Wednesday, December 12, 2012

FOREIGN DIRECT INVESTMENT & THEREOF

MINISTERIAL STAFF ASSOCIATION | 4:11 PM |

With the government campaigning for FDI in retail, the question is, is it really going to help? If yes, then whom?

Today, the ministry of commerce and industry took its campaign to promote FDI (Foreign Direct Investment) in retail to the literate population of India, with full page advertisements in newspapers.

The advertisement claims that such direct investment will bring huge benefits not only to the farmers but to the society at large and that it will generate over 10 million new jobs and so on. Naturally, it does not give any time frame to achieve this end.

 The ministry calls this as “another revolutionary leap” for the Indian economy. Reading such an ad makes it nice, but whether it will truly benefit the people in the long run remains to be seen. At least in US, it did not do so, according to the media.

The first and foremost fear is that farmers will be exploited by the predatory pricing policy of the large retailers, a job that is probably and already being done by a host of middlemen. So, instead of many such middlemen, there will one source where the farmer will face a single-window ‘clearance’, and that of the FDI retailer!

Having said that, will this process reduce the ultimate cost that the actual consumer has to pay for the farm products? Yes, in more ways than one, as the present Indian retails and supermarkets reveal.

Let's take a look at any Indian major city, like Bangalore, for instance.  There are several big business houses in retail, such as Reliance, Tatas, Goenkas, and supermarkets like Spar, Big Bazaar, etc to name a few.  In this category, we could include government sponsored HOPCOMs too.

There is intense competition amongst all these organizations. The pricing is sharp and the range of products covered is going up by the day.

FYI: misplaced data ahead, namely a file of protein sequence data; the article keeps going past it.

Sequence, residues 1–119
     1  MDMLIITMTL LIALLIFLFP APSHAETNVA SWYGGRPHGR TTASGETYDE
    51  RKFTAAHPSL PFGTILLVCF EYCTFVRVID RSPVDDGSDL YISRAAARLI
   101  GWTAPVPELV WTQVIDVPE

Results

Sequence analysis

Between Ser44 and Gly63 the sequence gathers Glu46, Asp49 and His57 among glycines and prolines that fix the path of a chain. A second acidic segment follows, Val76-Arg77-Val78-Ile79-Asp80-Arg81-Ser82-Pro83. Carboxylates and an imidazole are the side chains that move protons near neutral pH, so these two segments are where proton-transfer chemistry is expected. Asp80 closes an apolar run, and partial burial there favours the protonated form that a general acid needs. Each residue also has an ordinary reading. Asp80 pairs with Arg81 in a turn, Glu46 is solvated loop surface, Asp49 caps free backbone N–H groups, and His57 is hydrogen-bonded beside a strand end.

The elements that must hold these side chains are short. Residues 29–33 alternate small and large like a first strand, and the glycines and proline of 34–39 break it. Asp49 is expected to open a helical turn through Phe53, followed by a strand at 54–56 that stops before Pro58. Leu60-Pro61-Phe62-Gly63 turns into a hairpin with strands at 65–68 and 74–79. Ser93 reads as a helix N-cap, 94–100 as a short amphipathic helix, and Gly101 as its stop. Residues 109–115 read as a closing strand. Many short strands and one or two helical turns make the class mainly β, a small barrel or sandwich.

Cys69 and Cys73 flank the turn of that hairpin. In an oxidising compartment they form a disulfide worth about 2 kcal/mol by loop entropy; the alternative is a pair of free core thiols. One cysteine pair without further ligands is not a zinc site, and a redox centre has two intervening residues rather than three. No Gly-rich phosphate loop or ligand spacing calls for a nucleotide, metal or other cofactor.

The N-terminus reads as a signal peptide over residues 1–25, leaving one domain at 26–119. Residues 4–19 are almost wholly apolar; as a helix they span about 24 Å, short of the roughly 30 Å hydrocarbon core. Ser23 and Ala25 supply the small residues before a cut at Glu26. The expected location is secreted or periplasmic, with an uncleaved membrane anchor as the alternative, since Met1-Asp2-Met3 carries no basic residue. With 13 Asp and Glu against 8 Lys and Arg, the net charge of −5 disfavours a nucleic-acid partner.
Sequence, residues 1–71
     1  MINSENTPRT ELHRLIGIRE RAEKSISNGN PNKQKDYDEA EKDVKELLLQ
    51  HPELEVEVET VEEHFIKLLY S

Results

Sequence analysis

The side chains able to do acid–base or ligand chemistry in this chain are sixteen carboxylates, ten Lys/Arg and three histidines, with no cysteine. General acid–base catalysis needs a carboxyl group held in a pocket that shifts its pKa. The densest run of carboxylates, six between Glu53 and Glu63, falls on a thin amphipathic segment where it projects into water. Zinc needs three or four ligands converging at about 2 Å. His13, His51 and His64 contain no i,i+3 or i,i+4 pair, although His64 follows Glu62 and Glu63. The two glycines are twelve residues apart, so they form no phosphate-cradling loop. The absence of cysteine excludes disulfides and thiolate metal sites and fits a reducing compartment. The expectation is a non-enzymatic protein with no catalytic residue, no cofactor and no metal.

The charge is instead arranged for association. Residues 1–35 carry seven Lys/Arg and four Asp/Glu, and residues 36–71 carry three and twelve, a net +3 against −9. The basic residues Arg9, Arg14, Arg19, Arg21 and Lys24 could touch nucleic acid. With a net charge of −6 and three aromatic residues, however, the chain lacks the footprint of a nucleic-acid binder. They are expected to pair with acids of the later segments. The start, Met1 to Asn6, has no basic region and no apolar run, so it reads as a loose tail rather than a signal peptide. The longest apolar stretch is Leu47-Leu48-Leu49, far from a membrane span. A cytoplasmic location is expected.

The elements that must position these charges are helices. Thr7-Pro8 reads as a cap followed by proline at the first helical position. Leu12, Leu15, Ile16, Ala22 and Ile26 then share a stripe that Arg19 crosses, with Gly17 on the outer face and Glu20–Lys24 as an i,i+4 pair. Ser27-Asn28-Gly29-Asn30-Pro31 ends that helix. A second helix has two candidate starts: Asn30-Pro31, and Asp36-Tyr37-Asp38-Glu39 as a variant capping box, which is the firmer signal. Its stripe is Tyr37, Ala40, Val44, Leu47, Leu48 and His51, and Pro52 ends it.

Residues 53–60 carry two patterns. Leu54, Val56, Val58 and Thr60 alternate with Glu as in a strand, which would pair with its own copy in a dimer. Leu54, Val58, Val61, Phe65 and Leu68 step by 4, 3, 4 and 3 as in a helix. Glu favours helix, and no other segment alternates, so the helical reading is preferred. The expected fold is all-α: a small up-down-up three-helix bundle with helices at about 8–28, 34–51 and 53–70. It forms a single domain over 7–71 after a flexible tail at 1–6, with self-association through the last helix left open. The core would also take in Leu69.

And who are the buyers? They are the growing middle-class rich consumer society, where the chances are that both husband and wife earn a living and have a reasonably comfortable lifestyle. In all probability, they shop once in a week to make the purchases and do it methodically; no spur of the moment purchase, but needs are listed and shopping is done at leisure on chosen days.

The only thing that is left to buy is the odd item that may fall short which the family member at home or the cook may resort to purchase from the nearest Kirana shop or buy from the cart vendor, whose prices are at least 50% higher than the retailers mentioned above. This is based on the actual experience of the writer’s family.

FDI in retail is not a simple exercise to be covered in a single article but an in-depth study will take quite sometime and its impact cannot be visualized easily. If Reliance and Big Bazaar have come to stay, so will the FDI in retail, in due course.

FDI in retail will be subject to a lot of discussions and scrutiny. To generalize and compare how other countries have fared and still let kirana (small shops in road corners) survive or bring about better returns to farmer is a futile exercise. The conditions in India are different. We need to clearly spell out some basic pre-conditions that have to be complied within a specified time-frame, failing which, the licensee will have to pack up and go home.

a) At least 30% of the indigenous farm produce will have to be retailed
b) Each FDI-R licensee be given the choice of seven to 10 locations where it can commence its actual retail operations
c) These operating centres will have to be supported by actual infrastructural development of warehouses, cold storage and transportation logistics in identified sources of supply at the produce points
d) The next set of new cities will be after successful performance, a minimum of 18-24 months later, with the same conditions relating to infrastructure development or by expansion of existing ones
e) The activities of the FDI-R licensee will be subject to a close check and follow-up by a regulator who will maintain a watchdog committee for keeping a track of purchase pricing to retail selling; of the actual commitments in terms of fulfillingemployment growth and how these actually are benefiting the country in terms of taxes earned
f) These FDI-R licensees should not become the single largest selling point for marketing products of other countries when identical or similar products of indigenous makes are readily available.

These measures would be the first of many that one can think of as a start.
source:-http://www.moneylife.in/article/is-fdi-in-retail-good-or-bad/28604.html

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